Smiling kids on a clean school bus, they are breathing better air because it’s electric.
Photo Credit:
Adobe Stock
Clean buses for kids

$500 Million Now Available for Clean School Buses; Apply Now!

Steve Hansen
October 27, 2023

The United States’ largest public transportation system is our fleet of around 500,000 school buses. Most of them are diesel-powered, but that will be changing over the next few years. Thanks to $5 billion in funding from the Bipartisan Infrastructure Law, eligible entities can apply to receive substantial money to cover the cost of new electric and alternative-fuel school buses, along with the charging infrastructure they require.

What Is the Clean School Bus Program?

Run by the Environmental Protection Agency (EPA), the Clean School Bus Program is open for applications now through January 31, 2024. In contrast to the lottery approach of the last $500 million round of funding, the current round of at least $500 million is an application-based system that prioritizes “high-need communities.” The EPA defines high-need communities as rural, Tribal, and low-income school districts.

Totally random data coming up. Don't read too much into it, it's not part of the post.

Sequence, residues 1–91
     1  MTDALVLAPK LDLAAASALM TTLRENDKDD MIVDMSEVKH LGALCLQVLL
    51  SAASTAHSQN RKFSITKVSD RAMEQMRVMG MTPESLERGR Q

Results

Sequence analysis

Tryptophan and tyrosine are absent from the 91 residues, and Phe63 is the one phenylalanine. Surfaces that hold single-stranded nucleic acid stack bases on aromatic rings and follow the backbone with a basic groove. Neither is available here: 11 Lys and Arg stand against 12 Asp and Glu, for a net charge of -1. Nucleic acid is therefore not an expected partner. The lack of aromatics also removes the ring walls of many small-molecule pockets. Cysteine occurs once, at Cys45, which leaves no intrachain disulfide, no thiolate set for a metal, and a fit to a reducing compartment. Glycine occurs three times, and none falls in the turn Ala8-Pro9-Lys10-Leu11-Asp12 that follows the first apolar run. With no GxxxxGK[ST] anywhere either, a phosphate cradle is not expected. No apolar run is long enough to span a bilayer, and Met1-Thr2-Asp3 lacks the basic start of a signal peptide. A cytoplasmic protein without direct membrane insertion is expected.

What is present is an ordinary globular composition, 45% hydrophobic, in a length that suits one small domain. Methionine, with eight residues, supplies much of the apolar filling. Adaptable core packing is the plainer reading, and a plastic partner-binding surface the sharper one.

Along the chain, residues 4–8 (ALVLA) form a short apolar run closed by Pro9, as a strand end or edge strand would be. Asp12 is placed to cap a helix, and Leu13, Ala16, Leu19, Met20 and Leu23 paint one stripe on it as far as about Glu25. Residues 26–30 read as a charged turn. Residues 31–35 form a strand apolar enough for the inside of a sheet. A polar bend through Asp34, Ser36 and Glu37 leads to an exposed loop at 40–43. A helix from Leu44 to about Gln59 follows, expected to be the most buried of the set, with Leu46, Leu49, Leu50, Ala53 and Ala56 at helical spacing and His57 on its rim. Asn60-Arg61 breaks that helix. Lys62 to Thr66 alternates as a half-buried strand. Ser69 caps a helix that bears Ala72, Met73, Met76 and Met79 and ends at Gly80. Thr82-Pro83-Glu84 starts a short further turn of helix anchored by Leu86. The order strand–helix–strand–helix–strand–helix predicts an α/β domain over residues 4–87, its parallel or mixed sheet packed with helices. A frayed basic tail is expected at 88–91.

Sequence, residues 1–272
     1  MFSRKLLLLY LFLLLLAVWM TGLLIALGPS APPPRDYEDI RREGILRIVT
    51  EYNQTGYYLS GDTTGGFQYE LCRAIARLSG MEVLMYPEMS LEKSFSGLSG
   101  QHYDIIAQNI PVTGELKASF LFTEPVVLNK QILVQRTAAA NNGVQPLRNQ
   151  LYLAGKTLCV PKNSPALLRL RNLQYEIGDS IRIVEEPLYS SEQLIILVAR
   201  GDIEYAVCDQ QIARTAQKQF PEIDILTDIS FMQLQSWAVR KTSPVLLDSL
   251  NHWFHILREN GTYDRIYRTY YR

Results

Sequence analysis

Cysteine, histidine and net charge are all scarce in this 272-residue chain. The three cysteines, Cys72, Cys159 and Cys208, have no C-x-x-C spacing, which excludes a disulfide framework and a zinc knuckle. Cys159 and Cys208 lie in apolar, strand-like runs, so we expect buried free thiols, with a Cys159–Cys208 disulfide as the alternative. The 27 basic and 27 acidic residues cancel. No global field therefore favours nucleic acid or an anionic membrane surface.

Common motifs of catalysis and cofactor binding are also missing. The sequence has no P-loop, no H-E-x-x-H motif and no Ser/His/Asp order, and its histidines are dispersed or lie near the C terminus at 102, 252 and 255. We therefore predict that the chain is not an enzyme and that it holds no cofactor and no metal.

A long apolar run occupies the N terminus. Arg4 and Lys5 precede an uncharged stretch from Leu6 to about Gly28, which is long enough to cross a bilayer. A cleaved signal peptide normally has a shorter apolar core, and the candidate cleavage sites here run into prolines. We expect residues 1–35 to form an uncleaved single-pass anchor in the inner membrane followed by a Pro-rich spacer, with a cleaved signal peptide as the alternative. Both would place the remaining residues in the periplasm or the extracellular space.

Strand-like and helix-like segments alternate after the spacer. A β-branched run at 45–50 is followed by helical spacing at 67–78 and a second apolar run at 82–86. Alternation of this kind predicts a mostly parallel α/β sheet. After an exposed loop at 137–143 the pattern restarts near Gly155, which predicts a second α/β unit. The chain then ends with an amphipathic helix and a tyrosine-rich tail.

Two electric school buses

School districts that the EPA identifies as prioritized will receive more funding per bus than non-prioritized districts, but non-prioritized districts will still see substantial funding.

Prioritized school districts can receive the following amounts. (The class designations refer to the vehicle’s GVWR or gross vehicle weight rating. A class 7 bus is a heavy-duty vehicle with a GVWR of 26,001 lbs and up, for example.)

  • Electric - Class 7+ : Up to $345,000 per bus plus infrastructure
  • Electric - Class 3-6 : Up to $265,000 per bus plus infrastructure
  • Compressed Natural Gas - Class 7+ : Up to $45,000 per bus
  • Compressed Natural Gas - Class 3-6 : Up to $30,000 per bus
  • Propane - Class 7+: Up to $35,000 per bus
  • Propane - Class 3-6 : Up to $30,000 per bus

Non-prioritized school districts can receive the following amounts:

  • Electric - Class 7+ : Up to $200,000 per bus plus infrastructure
  • Electric - Class 3-6 : Up to $145,000 per bus plus infrastructure
  • Compressed Natural Gas - Class 7+ : Up to $30,000 per bus
  • Compressed Natural Gas - Class 3-6 : Up to $20,000 per bus
  • Propane - Class 7+: Up to $25,000 per bus
  • Propane - Class 3-6 : Up to $20,000 per bus

Up to $20,000 in additional funding is available for ADA-compliant wheelchair lifts. Additional funding is available for shipping costs to non-contiguous U.S. states and territories, as well.